Is an Amazon grocery store expected by British consumers?
London welcomes the first “till less” grocery store in UK. But are British consumers interested in the concept? Well, according to a survey from Mintel, the answer is “Yes”. It seems that three quarters (76%) of Brits say they would shop at an Amazon grocery store.
Why would the Amazon store attract consumers?
The survey looked at the reasons and motivation to shop at a physical Amazon grocery store and here is what the results say:
· almost two thirds (63%) of consumers said they would be attracted to discounts for Prime membership*.
· a quarter (24%) would like the opportunity to be able to collect online orders.
· Overall attraction in shopping at these physical stores was higher among younger shoppers, with 84% of 16-34s showing some interest; conversely 39% of over-65s said they would not shop in an Amazon grocery store.
Is the “check out free experience” a seduction method?
Amazon is known for its 'Just Walk Out' technology that allows shoppers a 'check-out free' experience.
· one in five (17%) Brits are drawn to the prospect of cashier-less technology, this rises to 27% of 16-24s.
· The importance of a fast-shopping experience is highlighted by the 44% of consumers who say they have looked to limit their time in-store since the pandemic began.
Just under one in five (18%) consumers purchased food and drink online from Amazon in the past year. Amazon Fresh is regularly used by only 7% of Prime members.
The Associate Director of Retail of Mintel, Nick Carroll, commented the survey: “In the US, Amazon has been steadily building its footprint in the physical grocery sector through both Amazon Go and the acquisition of Whole Foods. The most intriguing launch in 2020 was the opening of its first branded supermarket - Amazon Fresh. Naturally being an Amazon store, it has unique technology woven into it, but notably it also focused on the basics. So, we shouldn’t look at this as a direct assault on the grocery leaders. This is a destination store and a technological show of force from Amazon, designed to give shoppers a glimpse into the future.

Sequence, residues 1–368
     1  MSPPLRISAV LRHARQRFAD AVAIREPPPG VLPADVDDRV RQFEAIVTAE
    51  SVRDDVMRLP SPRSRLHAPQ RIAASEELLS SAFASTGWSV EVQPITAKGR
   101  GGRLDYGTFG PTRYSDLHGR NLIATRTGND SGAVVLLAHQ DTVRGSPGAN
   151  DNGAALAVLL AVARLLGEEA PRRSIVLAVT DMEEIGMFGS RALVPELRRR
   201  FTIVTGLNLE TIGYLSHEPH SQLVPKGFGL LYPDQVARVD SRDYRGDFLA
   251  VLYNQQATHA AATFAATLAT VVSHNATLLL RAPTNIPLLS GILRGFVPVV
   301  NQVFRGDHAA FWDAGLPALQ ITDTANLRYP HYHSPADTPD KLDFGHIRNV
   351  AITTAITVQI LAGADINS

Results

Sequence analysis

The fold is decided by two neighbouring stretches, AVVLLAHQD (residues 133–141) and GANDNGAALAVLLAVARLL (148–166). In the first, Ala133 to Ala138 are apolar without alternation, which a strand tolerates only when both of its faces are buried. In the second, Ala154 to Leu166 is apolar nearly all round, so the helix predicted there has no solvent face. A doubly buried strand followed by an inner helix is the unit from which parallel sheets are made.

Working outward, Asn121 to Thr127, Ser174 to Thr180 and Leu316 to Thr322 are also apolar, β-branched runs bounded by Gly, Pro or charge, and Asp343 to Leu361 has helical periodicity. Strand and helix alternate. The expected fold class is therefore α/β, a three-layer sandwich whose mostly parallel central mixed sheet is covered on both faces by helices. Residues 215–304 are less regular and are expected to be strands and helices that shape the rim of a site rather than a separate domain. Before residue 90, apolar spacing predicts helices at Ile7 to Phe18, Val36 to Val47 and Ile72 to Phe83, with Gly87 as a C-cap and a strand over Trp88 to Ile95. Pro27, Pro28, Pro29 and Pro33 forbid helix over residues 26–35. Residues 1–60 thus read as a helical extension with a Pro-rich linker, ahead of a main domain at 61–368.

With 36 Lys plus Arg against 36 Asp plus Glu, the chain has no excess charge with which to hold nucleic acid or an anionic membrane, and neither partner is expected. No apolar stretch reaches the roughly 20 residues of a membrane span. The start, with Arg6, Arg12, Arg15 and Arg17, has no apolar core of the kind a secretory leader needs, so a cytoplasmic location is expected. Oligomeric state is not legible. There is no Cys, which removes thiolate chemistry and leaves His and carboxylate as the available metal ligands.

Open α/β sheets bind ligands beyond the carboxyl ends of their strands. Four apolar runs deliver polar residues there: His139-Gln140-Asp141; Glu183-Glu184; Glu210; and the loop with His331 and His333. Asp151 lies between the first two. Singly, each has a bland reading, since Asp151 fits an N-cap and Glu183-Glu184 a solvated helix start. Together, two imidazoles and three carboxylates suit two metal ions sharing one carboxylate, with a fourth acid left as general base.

However, Amazon will not be looking at this new store as simply a ‘one-off’ experience for shoppers. It will want to create engagement that keeps shoppers returning by building on the basics it got right in the US, including an aggressive pricing strategy and a full range offering of all the categories you would expect to find, from big name brands to Whole Foods ranges and Amazon’s growing private label offering.
Amazon Go in the US debuted the ‘Just Walk Out’ technology, which was then improved upon by Amazon Fresh by adding the technology to shopping trolleys in the form of the Dash Cart. In the current climate, it is very practical as shoppers are cautious about spending too long in-store.
Amazon Prime is an ace card up the sleeve
It seems that Amazon Prime is already a great tool for the group to reach and build loyalty among British consumers. Overall, almost nine in ten (89%) Brits shop at Amazon and those with access to Amazon Prime hit a record 50% in 2020 with almost a quarter (23%) signing up in the last year, according to Mintel research.
Well over a third (36%) of Brits are personally Prime members up from 31% in 2019 and a further 14% share Prime access through someone else’s account. The popularity of Prime has surged in the last few years with over half (52%) of current Prime members joining within the last two years. Scaled to a national level, this places Amazon Prime membership in the UK at around the 21 million mark.
While Prime Delivery remains the key draw of the scheme, used by 70% of Brits who have access to Prime, Prime Video shows the greatest jump in usage year-on-year - now regularly used by 62% of those with Prime access, compared to 54% in 2019.
According to Nick Caroll, Amazon Prime plays a big role in the strategy of the group: “The ultimate ace, from a long-term perspective, is the integration of Prime and Amazon’s wider online business. In the US, Amazon has integrated Prime, through discounts and special offers, into both Go, Fresh and Whole Foods. This has proved popular among shoppers and helps to drive repeat visits.
Amazon Prime is central to Amazon’s consumer facing business. It is the glue which holds the potentially disparate retail, services, and products together and it is a core way for the business to derive more than one revenue stream from its millions of users.
The pandemic has not only proven fruitful ground for Amazon to drive sales, but also membership of Amazon Prime. Over a third (36%) of Amazon shoppers have used the business more as a result of the pandemic, and 55% of shoppers say Amazon has been like an essential service to them since the pandemic hit the UK.
The extended period in-home due to the pandemic and the ongoing popularity of content streaming have helped drive usage of Amazon’s on-demand video streaming service Prime Video. Amazon’s willingness to invest in exclusive content, from Borat to the upcoming Lord of the Rings series, shows Prime’s worth to the wider Amazon ecosystem.”